Online meetings are among the main reasons for less frequent breaks. Pre-pandemic meetings meant going to another room, stretching your legs, and giving your eyes a rest from the computer. In a remote setting, all meetings happen on screen, sometimes back-to-back, which could be one of the main factors explaining the longer work hours recorded.

        2. We Face a Higher Risk of Burnout

        At first, many were optimistic about remote work’s benefits in terms of work-life balance as we save time on commuting and have more time to spend with family—at least in theory. But for many people, this was quickly counterbalanced by a struggle to separate their work and personal lives. Buffer’s 2021 survey for the State of Remote Work report found that the biggest struggle of remote workers is not being able to unplug, with collaboration difficulties and loneliness sharing second place.[2]

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        Buffer’s respondents were also asked if they are working more or less since their shift to remote work, and 45 percent admitted to working more. Forty-two percent said they are working the same amount, while 13 percent responded that they are working less.

        Longer work hours and fewer quality breaks can dramatically affect our health, as long-term sitting and computer use can cause eye strain, mental fatigue, and other issues. These, in turn, can lead to more severe consequences, such as burnout and heart disease.

        Let’s have a closer look at the connection between burnout and remote work.

        McKinsey’s report about the Future of work states that 49% of people say they’re feeling some symptoms of burnout.[3] And that may be an understatement since employees experiencing burnout are less likely to respond to survey requests and may have even left the workforce.

        From the viewpoint of the employer, remote workers may seem like they are more productive and working longer hours. However, managers must be aware of the risks associated with increased employee anxiety. Otherwise, the productivity gains won’t be long-lasting. It’s no secret that prolonged anxiety can reduce job satisfaction, decrease work performance, and negatively affect interpersonal relationships with colleagues.[4]

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        3. Despite everything, We Love Remote Work

        An overwhelming majority—97 percent—of Buffer report’s survey respondents say they would like to continue working remotely to some extent. The two main benefits mentioned by the respondents are the ability to have a flexible schedule and the flexibility to work from anywhere.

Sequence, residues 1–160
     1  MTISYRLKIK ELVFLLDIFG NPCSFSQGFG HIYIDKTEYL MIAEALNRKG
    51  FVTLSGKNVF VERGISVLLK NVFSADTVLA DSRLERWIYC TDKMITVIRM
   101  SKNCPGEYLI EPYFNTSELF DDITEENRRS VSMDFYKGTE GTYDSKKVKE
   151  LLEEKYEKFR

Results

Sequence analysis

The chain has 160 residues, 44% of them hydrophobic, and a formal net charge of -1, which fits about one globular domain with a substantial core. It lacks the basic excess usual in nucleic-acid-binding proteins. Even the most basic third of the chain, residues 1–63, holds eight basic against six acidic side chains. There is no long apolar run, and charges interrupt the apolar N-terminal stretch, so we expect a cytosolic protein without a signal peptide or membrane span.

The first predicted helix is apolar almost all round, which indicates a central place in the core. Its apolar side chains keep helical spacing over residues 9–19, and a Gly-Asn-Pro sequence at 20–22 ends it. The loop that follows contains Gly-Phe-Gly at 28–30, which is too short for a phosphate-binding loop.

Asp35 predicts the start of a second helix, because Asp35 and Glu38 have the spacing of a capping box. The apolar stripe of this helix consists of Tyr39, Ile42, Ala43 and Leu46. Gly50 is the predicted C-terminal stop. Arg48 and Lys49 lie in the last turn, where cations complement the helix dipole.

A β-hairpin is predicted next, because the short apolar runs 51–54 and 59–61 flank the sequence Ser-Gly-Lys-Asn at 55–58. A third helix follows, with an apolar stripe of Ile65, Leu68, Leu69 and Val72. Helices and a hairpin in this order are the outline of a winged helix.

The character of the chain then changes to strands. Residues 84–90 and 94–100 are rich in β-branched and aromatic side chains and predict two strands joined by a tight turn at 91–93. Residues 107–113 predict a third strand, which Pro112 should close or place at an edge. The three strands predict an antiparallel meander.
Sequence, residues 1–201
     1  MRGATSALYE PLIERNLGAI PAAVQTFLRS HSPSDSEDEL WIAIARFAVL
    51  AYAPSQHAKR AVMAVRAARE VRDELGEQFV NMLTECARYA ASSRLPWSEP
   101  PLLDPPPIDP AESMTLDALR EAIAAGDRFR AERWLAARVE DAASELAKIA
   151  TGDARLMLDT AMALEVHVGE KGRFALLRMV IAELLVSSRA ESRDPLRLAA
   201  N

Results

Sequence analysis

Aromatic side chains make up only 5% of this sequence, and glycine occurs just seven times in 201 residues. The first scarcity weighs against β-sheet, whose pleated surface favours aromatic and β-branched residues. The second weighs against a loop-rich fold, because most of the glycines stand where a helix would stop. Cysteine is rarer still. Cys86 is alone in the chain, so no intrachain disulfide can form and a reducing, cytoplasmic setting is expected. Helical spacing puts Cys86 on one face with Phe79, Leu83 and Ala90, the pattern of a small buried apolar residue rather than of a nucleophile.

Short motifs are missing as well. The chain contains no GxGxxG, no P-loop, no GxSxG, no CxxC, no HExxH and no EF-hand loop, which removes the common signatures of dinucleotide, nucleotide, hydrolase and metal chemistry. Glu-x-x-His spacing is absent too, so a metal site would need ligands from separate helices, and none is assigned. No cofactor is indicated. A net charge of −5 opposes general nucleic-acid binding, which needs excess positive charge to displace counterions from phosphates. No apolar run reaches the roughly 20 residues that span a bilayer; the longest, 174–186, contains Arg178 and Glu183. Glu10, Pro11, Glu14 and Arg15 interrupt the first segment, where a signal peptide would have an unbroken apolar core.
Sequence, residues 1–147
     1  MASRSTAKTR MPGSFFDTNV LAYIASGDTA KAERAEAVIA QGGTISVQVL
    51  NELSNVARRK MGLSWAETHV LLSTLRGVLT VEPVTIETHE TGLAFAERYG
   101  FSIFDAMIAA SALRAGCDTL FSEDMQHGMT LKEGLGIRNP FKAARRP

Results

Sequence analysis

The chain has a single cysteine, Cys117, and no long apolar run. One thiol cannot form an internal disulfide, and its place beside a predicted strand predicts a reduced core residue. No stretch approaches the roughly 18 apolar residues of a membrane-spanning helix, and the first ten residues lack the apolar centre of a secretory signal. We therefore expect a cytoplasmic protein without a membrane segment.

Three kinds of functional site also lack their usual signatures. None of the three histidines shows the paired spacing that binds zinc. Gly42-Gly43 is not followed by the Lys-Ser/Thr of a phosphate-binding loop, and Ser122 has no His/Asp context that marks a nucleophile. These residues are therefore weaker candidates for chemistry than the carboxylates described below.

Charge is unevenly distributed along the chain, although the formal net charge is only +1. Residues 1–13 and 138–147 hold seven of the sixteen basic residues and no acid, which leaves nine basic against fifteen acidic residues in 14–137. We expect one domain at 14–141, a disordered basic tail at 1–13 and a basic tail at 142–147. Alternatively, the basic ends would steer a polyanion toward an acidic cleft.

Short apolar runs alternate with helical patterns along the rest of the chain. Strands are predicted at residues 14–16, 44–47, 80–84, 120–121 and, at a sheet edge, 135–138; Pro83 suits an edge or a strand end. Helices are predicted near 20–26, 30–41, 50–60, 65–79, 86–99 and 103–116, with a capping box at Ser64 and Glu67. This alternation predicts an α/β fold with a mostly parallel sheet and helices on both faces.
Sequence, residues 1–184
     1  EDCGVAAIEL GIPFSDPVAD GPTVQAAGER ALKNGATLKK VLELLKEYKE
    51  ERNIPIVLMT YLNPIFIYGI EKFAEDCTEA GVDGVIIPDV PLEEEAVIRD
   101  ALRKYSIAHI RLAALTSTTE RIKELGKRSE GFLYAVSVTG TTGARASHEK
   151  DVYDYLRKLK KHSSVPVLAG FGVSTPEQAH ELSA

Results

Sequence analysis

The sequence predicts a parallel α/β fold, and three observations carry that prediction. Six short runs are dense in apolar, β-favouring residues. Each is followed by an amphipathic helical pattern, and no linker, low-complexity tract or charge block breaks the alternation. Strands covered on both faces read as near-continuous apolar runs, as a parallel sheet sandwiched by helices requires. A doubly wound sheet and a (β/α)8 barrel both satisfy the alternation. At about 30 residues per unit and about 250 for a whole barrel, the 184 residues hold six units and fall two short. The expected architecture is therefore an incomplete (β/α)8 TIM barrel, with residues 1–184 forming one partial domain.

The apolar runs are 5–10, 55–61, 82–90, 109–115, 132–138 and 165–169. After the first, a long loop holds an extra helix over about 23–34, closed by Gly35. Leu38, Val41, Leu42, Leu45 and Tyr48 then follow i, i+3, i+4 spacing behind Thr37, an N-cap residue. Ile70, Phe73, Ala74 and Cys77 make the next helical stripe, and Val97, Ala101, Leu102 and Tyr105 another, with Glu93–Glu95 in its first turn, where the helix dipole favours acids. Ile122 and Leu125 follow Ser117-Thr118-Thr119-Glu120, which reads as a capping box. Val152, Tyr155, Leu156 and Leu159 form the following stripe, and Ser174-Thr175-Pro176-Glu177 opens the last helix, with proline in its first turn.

McKinsey’s report found that more than half of employees would like their workplace to adopt a more flexible hybrid virtual-working model, with some days of work on-premises and some days working remotely. To be more exact, more than half of employees report that they would like at least three work-from-home days a week once the pandemic is over.

        Companies will increasingly be forced to find ways to satisfy these workforce demands while implementing policies to minimize the risks associated with overworking and burnout. Smart companies will embrace this new trend and realize that adopting hybrid models can also be a win for them—for example, for accessing talent in different locations and at a lower cost.

        Remote Work: Blessing or Plight?

        Understandably, workers worldwide are tempted to keep the good work-life aspects that have come out of the pandemic—professional flexibility, fewer commutes, and extra time with family. But with the once strict boundaries between work and life fading, we must remain cautious. We try to squeeze in house chores during breaks. We do online meetings from the kitchen or the same couch we watch TV shows from, and many of us report difficulties switching off after work.

        So, how do we keep our private and professional lives from hopelessly blending together?

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        The answer is that we try to replicate the physical and virtual boundaries that come naturally in an office setting. This doesn’t only mean having a dedicated workspace but also tracking your work time and stopping when your working hours are finished. In addition, it means working breaks into your schedule because watercooler chats don’t just naturally happen at home.

        If necessary, we need to introduce new rituals that resemble a normal office day—for example, going for a walk around the block in the morning to simulate “arriving at work.” Remote work is here to stay. If we want to enjoy the advantages it offers, then we need to learn how to cope with the personal challenges that come with it.

        Learn how to stay productive while working remotely with these tips: How to Work From Home: 10 Tips to Stay Productive

        Featured photo credit: Jenny Ueberberg via unsplash.com

        Reference